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About Canute

  • Rank
    Engine Stoker 3rd Class
  • Birthday 10/18/1948

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  • Gender
  • Location
    Western NC
  • Interests
    Napoleonic Age of Sail, ACW

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  1. Launching a massive airstrike off a straight deck carrier looked like a zoo. How many a/c were there on 1 ship. 90 or so? They'd jam them in anyway they could to make them all fit for launch. They had to launch in a sequence, usually fighters first to provide air cover, scout dive bombers next and finally, the torpedo bombers. The rendezvous to build the whole strike package must have been incredible, getting separate carriers' aircraft joined up. I remember our Linebacker launches from Korat in 1972, Over 100 aircraft from just one base. We had 4 bases launching. We had flow plans with all sorts of timing. Aircraft were parked all over the base; anywhere we had space to load and launch. We all launched to a fleet of aerial tankers and hung on them until the code word for executing the strike or weather cancelling was broadcast.
  2. Coming along nicely, OC. Nice to have minimal seam filling. Spitfires always look good.
  3. Ole' Slim is racking up rays. 😀 I like you layout for mooring the Philadelphia. Keep at it, Bob.
  4. We had it in the F-4s, but that was when they were close to new. The MAC guys used it a lot in their cargo compartments.
  5. Looking good, Lou. Cockpit floors still use that, although they seem to use a tape nowadays.
  6. Well, more work done and I found a real prize buried in my RR cache: a pile driver barge. Could become the follow on to this little scow. On to the current work. The framework is pretty basic: floor, five bulkheads, some stringers and 2 end braces. Thanks to the laser cutting this craft has sheer and camber built in. The ends are identical, with buffer wood added in. Have to go back and add some creosote stain to these buffer boards. And this shows the camber, too. The stringers are added to support the deck and everything is left with the glue drying. I need to go back and touch up a few spots and fill in some gaps in the side strakes. Thanks for reading.
  7. Great job with the paint. Like EG says, looks real.
  8. Carl, where's the fun in just a cockpit. Geewhiz, mate. We want to see more to that airplane. So, you are not expecting anymore parts to continue with this build. OK, I get it. I'm just a little too literal sometimes. And there is no wayinell I'd ever say anyone is dumb, especially looking at the artistry displayed by the folks on this forum. P.S. The DB605 is the Daimler Benz engine of the Me109G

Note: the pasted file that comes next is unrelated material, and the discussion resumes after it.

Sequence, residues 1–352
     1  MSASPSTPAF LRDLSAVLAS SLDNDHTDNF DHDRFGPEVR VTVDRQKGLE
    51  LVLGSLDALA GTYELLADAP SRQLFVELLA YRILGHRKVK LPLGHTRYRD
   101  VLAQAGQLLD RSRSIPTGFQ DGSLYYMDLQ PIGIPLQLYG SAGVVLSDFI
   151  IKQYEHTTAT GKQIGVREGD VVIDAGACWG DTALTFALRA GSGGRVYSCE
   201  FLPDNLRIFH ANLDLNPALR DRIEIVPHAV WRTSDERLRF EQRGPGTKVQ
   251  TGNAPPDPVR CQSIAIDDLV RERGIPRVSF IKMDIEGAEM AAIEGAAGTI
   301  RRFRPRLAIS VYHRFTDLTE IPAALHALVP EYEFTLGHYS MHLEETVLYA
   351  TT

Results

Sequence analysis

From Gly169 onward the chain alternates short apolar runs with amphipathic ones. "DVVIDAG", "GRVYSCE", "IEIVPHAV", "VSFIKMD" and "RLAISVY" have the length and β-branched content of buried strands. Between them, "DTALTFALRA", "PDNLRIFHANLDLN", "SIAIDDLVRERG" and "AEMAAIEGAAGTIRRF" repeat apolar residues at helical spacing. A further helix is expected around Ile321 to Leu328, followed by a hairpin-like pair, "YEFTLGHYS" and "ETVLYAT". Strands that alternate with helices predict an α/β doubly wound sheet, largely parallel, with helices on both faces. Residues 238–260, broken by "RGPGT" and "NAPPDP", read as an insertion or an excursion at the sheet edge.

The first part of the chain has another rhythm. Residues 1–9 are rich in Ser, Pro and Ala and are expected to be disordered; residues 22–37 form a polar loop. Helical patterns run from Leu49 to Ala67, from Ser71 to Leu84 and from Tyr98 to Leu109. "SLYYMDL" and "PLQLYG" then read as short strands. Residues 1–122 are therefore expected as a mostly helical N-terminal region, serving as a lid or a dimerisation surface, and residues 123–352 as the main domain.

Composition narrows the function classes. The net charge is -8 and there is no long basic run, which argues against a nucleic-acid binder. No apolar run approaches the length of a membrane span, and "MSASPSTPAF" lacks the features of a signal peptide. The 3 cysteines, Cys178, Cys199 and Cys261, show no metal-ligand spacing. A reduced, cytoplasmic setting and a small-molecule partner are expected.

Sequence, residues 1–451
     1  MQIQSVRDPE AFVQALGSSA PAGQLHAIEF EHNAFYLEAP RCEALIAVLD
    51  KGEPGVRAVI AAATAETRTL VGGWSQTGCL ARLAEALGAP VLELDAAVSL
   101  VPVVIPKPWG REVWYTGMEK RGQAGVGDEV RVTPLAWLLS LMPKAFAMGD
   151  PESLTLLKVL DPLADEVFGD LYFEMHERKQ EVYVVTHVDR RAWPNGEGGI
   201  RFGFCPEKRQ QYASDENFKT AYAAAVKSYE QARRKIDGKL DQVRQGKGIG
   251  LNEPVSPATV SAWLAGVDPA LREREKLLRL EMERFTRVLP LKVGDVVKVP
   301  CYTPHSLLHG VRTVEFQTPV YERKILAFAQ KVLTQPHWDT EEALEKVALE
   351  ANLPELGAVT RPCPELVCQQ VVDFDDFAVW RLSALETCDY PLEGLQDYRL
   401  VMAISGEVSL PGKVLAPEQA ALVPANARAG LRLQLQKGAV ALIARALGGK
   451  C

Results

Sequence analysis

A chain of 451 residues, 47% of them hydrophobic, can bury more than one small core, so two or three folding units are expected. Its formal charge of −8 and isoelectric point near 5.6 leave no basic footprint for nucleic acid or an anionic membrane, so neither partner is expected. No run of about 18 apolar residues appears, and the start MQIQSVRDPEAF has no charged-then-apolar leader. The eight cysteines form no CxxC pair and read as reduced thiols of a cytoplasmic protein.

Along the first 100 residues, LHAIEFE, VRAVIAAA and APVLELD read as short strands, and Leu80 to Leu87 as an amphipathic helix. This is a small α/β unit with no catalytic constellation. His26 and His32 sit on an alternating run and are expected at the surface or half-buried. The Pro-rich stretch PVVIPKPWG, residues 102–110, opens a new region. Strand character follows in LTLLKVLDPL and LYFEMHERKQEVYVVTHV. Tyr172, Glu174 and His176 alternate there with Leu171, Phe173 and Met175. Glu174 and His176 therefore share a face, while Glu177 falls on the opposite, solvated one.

9. Carl , are you building this Bf109G on the installment plan, ala the Dagostini models? My aircraft model instructions always seem to start with the cockpit and eventually progress through the rest of the build. So, you're awaiting a DB605? It will be a good build when it appears, Carl.
  10. Looking good, OC. Seems if one has a problem with the fit of parts in these newer kits, the builder is the one in error. A far cry from the old kits we cut our teeth with, back in the day.
  11. Bob, make sure you get a tight seal around the base where your resin is going. The resin will find any pinholes and leak out. I've had personal experience.😮
  12. Since this is a laser cut kit, there isn't a lot of fiddling required for the build. Most parts are pre-cut and also have double stick tape for fastening together. I started by staining the exterior parts with a Monroe Models black creosote stain. I waited overnight to let the stain dry and then started the hull sides. Pictures via my phone, so sorry for the blurry left edge. You can see how dark the stain got. I got the hull sides done fairly quickly and forgot to take any in progress shots. Here's the transom parts. There are two; there is no bow or stern on these craft. Completed transom. Have to build up the hull frames/bulkheads. The scow hull will look like an egg crate when we're ready for the deck.

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